Gas prices falling for holidays. Here’s how much lower they could get
Easing the financial strain of higher turkey costs, gas prices are falling across the country as the Thanksgiving Day holiday approaches.
Travel club AAA says prices at the pump have already declined 12 cents a gallon nationally compared to last week and should fall further.
“Gas prices could ultimately fall 20-30 cents per gallon,” AAA spokesman Mark Jenkins said in AAA’s weekly Gas Price Update. “The downturn is being driven by strong refinery output, which led to a big gain in gasoline supplies.”
Thanksgiving is traditionally a major driving holiday as millions of Americans strap themselves in for long journeys to dine with out-of-town family members.
The national average per-gallon price for regular unleaded was $3.64 on Tuesday.
Factored into the national average are much-higher prices in western states, including California at $5.21 and Nevada at $4.83. Consumers in 11 states across the South are paying $3.31 or less per gallon.
Florida’s average price is still 10 cents a gallon more than a year ago, but Jenkins said there’s a chance that prices could drop below last year’s Thanksgiving Day average by turkey day. The highest Thanksgiving Day price on record was $3.46 a gallon in 2013, he said.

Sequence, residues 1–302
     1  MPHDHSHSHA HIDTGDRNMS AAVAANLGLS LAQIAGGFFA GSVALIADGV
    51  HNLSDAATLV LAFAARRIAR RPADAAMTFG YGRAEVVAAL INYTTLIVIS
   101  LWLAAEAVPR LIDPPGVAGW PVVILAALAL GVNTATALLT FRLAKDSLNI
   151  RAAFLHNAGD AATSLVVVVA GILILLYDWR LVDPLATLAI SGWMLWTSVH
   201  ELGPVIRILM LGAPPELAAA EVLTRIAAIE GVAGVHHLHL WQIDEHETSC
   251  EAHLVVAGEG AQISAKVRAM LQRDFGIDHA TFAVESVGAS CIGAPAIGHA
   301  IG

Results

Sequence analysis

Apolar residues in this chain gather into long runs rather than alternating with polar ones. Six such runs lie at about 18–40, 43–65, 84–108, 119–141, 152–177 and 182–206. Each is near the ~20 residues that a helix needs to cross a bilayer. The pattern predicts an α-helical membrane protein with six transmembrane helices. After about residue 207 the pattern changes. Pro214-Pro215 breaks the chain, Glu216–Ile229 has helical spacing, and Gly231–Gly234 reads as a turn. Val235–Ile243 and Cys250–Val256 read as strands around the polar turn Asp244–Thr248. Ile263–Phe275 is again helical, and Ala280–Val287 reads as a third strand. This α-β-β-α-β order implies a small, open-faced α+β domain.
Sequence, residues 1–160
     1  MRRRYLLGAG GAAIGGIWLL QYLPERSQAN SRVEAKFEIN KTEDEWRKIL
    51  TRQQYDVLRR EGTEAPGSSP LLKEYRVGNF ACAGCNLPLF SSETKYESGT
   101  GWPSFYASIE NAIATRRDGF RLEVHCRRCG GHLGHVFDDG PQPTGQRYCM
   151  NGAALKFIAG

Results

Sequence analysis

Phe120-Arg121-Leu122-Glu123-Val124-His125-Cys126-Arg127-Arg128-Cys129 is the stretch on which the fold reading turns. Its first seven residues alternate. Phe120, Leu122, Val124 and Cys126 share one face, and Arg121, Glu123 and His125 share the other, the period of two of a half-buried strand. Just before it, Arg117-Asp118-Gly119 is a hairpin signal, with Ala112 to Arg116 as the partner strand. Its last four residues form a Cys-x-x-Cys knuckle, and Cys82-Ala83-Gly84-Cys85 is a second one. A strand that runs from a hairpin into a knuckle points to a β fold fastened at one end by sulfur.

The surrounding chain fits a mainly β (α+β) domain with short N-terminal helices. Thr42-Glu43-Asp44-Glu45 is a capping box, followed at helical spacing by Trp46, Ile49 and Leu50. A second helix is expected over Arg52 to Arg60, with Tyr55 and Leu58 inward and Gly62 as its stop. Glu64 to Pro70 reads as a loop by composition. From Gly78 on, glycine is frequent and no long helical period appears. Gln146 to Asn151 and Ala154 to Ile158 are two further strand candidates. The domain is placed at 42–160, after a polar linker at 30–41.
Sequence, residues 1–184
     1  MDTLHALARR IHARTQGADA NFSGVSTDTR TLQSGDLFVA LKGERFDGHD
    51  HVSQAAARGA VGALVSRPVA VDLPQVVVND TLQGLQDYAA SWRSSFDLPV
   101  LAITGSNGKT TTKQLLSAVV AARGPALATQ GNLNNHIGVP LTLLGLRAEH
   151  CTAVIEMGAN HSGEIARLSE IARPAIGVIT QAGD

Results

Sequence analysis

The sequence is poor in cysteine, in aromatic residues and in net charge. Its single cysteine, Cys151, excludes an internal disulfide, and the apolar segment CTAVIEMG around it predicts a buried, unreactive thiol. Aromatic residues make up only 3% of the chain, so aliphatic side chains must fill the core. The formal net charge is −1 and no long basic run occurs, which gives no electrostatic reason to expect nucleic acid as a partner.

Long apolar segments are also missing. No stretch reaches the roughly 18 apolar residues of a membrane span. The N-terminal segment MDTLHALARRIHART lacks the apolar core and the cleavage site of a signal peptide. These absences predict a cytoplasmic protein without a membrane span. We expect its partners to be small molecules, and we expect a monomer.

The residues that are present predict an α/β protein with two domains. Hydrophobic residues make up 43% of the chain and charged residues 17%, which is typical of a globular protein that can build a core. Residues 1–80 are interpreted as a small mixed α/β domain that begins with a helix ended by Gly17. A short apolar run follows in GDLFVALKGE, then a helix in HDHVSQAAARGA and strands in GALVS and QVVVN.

Patrick De Haan, head of petroleum analysis at the price-comparison website GasBuddy.com, attributed the declines to the falling price of oil futures amid lingering concerns of an economic slowdown. Traders are likely expecting global oil supplies to increase because of continuing COVID-19 shutdowns in China.
The per-barrel price of U.S.-produced oil plummeted from $87.90 a barrel on Nov. 14 to below $80 in midday trading on the New York Mercantile Exchange.
Gasoline inventories in the U.S. increased by 2.2 million barrels last week, which is still about 5% lower than the five-year average, last week’s report by the U.S. Energy Information Administration showed.
Tens of thousands of stations around the country are already selling gas under $3 per gallon, and thousands more will join in the next few weeks, “barring a dramatic turnaround,” De Haan said.
“It’s not impossible that if oil markets hold here, we could see a national average of $2.99 around Christmas, certainly the gift that every motorist is hoping for,” De Haan said in his weekly gas price blog. “Drivers shouldn’t be in a rush to fill up as prices will come down nearly coast-to-coast into the heavily traveled Thanksgiving holiday.”